The Nevada Democrat was using a piece of equipment to exercise on Thursday when it broke, causing him to fall.


His doctors expect a full recovery, and he's set to return to Washington over the weekend before the Senate reconvenes next week.


According to the statement, the Senate Democratic Leader was treated and admitted overnight as a precaution at University Medical Center in Las Vegas after first being transported to St. Rose Dominican Hospital in Henderson by his security detail.


President Barack Obama called Reid on Friday, White House spokesman Eric Schultz told reporters, "to wish him a full and speedy recovery."


Reid's office later announced Friday that Reid had been discharged from the hospital.


"He spent the day with his wife, Landra, talking to fellow senators, friends and staff and preparing for the Senate's return," Reid's Deputy Communications Director said in an emailed statement Friday. "He sends his thanks to all those who sent warm wishes and is ready to get back to work."


RELATED: Harry Reid Fast Facts


Sen. Jeff Flake, R-Arizona, was quick to make a joke and wish his colleague well.







It's not the first time Reid has hurt his ribs in recent years. In October 2012, his motorcade was involved in a multi-car accident in Nevada that left him with rib and hip contusions. He went to the hospital but was released shortly afterward.


In 2011, Reid also suffered minor injuries after slipping and falling in the rain while running outside in Washington, resulting in a dislocated shoulder and a bruise around his left eye.


Reid will become the Senate Minority Leader when Congress reconvenes.



Fatah posts skulls with Jewish stars





  • The image was posted to Fatah's official Facebook page

  • Contacted by CNN, a Fatah official said the party wants the photo removed

  • It's the latest controversial image from Palestinian Authority President Abbas' party




(CNN) -- The political party of Palestinian Authority President Mahmoud Abbas posted a drawn image online showing a large pile of skulls and skeletons with Jewish stars on them.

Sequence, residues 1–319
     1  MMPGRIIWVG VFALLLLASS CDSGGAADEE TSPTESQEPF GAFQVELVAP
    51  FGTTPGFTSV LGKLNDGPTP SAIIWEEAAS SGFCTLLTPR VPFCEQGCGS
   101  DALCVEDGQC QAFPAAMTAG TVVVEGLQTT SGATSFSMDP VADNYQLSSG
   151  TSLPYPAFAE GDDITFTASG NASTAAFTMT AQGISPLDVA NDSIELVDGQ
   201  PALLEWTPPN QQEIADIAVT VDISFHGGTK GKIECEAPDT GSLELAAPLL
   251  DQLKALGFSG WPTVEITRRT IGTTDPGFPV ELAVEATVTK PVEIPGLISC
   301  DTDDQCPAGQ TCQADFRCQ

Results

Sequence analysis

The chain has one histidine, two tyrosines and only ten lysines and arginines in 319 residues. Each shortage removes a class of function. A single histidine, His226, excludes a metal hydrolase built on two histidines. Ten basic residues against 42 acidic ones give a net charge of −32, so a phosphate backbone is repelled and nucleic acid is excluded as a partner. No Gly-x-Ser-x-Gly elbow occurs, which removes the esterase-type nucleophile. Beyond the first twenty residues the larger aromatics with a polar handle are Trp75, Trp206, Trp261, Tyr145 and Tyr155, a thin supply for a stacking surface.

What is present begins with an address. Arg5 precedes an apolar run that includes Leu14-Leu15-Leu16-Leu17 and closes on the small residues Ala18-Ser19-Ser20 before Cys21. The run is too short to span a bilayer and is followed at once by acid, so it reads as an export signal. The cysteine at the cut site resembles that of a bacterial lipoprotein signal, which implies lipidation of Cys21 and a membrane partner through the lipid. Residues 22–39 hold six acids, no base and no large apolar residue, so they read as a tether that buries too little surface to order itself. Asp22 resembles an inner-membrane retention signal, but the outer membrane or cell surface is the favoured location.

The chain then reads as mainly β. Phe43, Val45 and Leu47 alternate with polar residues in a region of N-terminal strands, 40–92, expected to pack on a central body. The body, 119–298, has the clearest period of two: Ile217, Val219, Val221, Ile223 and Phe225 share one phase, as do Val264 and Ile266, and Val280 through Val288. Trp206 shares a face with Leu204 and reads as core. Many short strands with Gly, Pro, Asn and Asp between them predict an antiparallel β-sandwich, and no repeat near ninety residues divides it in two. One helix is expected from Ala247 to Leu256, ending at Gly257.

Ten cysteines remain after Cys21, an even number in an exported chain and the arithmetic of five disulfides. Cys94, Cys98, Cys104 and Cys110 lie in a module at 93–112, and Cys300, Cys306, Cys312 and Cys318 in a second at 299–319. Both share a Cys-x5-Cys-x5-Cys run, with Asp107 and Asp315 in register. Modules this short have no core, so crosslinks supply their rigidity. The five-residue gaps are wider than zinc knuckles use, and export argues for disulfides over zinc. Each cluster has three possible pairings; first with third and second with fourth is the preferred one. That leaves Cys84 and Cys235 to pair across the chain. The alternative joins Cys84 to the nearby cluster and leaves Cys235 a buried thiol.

An Israeli government spokesman called it "despicable."


Along with the image, posted Wednesday to the Facebook page of the Fatah party, are the words "lingering on your skulls."


When contacted by CNN on Friday, a member of the Fatah Central Committee disavowed the image.


"Fatah did not design this image," Mahmoud al-Aloul said. The person who posted it to Fatah's page "is currently being asked to remove it. The image and the text do not reflect the opinions of Fatah." The image was then pulled from the page.







The image, which also includes a rifle and the Fatah flag, quickly drew the ire of some people who saw it on social media. Some, including Ofir Gendelman, spokesman for Israel's Prime Minister, pointed to it as a sign that Fatah is not as "moderate" as it's often described.





Mideast in Turmoil




Terror concerns sweeping the Middle East

Fatah is considered the more moderate of the two major Palestinian political parties. Hamas, which controls Gaza, has engaged in repeated battles with Israel in recent years. Fatah controls the West Bank.


("Fatah may not be moderate, but relative to Hamas, it is restrained," Michael Rubin of the American Enterprise Institute said in congressional testimony in 2013.)


The image was posted as part of an online celebration of Fatah's 50th anniversary. The group was founded on January 1, 1965, carrying out its first major attack against Israel.


Ehud Yaari of the Washington Institute for Near East Policy called the latest image "typical of their ongoing propaganda."


It's not the first time Fatah Facebook images have sparked anger. After three Israeli teens were kidnapped and killed last year, "The Facebook page for Fatah, the Palestinian Authority's main party, had a number of cartoons, including one showing the three teenagers as Jewish rats, wearing yarmulkes, caught on a fishing line," world affairs columnist Frida Ghitis wrote on CNN.com.


CNN's Irene Nasser in Jerusalem contributed to this report.